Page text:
Three, make reading “cool” and easy to do. With competition from YouTube, on-demand-anything-you-want-to-watch-anytime TV, video games, and a whole host of other activities, educators and parents need to find creative ways for kids to share books with one another (through video projects, book talks, starting a book club, etc.) to generate more interest in favorite books and make reading a “social” event for kids—giving them the same excitement they get through other media.

Judy Newman

Judy Newman

Why does reading enjoyment decline sharply after age 8? What can educators do to help prevent this?

JN: Well, the obvious answer is that once kids turn 8 years old their attention is diverted by video games, YouTube, TV, sports, and a million other activities that are potentially “cooler” than reading. But another answer is that around age 8, families often decide to stop reading aloud with their children, either because the child can read on their own or because the parent wants the child to read on their own so they will strengthen their skills. But the fact is that most kids want their parents to keep reading aloud to them even when they can read on their own because it’s a special time they share with their parent.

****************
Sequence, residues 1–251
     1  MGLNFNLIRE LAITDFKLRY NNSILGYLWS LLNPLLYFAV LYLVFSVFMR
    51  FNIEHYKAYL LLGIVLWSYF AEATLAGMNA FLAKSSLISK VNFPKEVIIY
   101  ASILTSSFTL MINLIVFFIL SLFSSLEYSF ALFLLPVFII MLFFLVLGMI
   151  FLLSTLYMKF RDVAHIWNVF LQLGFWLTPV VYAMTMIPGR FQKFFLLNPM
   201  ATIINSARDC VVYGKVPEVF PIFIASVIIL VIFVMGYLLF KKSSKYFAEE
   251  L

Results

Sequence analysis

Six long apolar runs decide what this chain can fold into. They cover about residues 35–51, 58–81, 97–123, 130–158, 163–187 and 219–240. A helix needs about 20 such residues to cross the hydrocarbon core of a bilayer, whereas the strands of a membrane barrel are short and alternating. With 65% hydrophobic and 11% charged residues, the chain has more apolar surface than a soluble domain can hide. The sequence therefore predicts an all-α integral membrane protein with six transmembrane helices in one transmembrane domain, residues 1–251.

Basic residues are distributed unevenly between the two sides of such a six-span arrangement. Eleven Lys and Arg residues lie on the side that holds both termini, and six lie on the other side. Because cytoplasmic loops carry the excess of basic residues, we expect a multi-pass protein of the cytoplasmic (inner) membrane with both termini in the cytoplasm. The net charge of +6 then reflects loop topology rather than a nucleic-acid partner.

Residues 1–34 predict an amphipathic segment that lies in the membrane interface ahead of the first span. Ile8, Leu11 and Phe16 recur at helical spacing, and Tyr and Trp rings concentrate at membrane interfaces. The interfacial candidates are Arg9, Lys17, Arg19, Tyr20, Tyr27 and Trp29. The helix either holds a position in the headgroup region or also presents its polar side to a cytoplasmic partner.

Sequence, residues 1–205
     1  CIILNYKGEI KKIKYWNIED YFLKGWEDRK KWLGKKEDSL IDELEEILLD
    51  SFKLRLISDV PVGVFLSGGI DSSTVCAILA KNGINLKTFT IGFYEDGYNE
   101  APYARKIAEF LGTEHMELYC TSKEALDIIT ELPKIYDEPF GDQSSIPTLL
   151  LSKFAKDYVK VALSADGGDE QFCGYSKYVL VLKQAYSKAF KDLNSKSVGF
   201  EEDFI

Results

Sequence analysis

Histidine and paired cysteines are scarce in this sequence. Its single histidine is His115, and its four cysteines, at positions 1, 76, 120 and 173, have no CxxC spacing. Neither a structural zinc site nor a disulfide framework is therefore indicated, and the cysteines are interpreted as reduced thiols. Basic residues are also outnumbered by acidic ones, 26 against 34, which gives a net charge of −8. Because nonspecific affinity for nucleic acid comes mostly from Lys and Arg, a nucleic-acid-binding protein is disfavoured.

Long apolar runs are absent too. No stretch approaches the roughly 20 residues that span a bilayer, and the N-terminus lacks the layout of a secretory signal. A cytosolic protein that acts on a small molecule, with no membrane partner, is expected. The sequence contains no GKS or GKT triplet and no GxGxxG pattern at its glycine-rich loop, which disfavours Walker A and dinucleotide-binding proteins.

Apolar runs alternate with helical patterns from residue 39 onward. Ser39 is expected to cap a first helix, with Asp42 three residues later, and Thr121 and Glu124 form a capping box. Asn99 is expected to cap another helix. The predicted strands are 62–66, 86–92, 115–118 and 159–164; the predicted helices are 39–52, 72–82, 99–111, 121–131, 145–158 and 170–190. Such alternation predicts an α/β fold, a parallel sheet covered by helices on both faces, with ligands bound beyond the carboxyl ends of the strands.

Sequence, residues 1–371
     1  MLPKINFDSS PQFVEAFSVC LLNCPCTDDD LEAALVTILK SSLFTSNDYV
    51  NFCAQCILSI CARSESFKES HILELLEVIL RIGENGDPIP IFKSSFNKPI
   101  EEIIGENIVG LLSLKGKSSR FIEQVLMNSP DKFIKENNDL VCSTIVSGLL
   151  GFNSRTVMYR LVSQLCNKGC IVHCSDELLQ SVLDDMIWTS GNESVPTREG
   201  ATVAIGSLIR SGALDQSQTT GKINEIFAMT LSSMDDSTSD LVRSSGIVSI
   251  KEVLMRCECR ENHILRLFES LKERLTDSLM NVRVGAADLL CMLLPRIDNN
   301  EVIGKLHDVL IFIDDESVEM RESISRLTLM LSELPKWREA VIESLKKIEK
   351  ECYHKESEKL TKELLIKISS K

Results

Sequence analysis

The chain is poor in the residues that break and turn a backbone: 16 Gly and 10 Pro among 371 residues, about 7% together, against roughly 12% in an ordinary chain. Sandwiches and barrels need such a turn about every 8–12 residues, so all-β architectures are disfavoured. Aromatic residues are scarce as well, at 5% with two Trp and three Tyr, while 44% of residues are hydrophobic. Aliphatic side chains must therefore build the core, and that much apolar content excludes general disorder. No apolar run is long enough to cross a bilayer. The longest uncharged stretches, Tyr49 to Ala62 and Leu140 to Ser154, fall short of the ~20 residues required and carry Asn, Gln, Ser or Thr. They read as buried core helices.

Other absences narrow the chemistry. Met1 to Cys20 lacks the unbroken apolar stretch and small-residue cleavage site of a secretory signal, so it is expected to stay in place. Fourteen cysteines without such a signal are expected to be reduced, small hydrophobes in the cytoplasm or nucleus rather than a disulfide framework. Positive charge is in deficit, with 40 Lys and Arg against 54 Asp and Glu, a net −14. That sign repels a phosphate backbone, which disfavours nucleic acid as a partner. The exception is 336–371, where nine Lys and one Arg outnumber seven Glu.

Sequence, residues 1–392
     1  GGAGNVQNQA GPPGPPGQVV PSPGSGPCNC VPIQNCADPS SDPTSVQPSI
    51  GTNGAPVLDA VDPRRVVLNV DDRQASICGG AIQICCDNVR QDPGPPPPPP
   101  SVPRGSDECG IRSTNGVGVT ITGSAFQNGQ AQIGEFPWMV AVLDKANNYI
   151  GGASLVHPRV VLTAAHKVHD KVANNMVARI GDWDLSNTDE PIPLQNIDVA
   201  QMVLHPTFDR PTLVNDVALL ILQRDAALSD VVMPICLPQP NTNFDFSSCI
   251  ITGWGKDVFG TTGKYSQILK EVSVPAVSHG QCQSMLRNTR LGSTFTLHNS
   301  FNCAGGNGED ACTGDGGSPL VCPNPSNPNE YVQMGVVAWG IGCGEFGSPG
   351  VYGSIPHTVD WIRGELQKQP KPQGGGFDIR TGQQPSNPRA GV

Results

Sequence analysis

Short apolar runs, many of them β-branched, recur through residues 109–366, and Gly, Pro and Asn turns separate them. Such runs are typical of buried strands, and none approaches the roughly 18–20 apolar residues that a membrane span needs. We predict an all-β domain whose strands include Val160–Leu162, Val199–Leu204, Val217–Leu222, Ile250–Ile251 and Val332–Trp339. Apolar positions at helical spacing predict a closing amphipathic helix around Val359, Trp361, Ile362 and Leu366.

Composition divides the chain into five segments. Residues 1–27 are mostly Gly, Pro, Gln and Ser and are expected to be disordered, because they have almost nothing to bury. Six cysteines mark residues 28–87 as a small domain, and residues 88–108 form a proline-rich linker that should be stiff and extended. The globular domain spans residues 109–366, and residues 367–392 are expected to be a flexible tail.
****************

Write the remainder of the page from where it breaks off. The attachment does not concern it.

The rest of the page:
Also, a lot of children have trouble making the leap from younger books (picture books, early chapter books) that are read aloud to them to harder books that are technically geared to their age level. At the same time, the books that are designated for a particular age level are getting more difficult. When I first came into publishing, Beverly Cleary’s Ramona Books, for example, were considered right for fourth grade and up. Now, they are being recommended for much younger kids. But a lot of kids can’t make that leap, and so rather than struggle through books they can’t successfully read, they drop out of independent reading altogether. Who wants to be embarrassed in fourth grade when you’re reading something the other kids are going to call “babyish?”

With two-thirds of our students reading below the proficient level for their grade, there is a tremendous need for “high/low” books—high interest/low level. But the truth is, it’s very dif cult to create books with sophisticated, age-appropriate content and storylines with simple vocabulary. We, as publishers, have to keep trying. Otherwise we are going to continue to lose the readers who can’t make the leap from Dr. Seuss and Nate the Great to Harry Potter.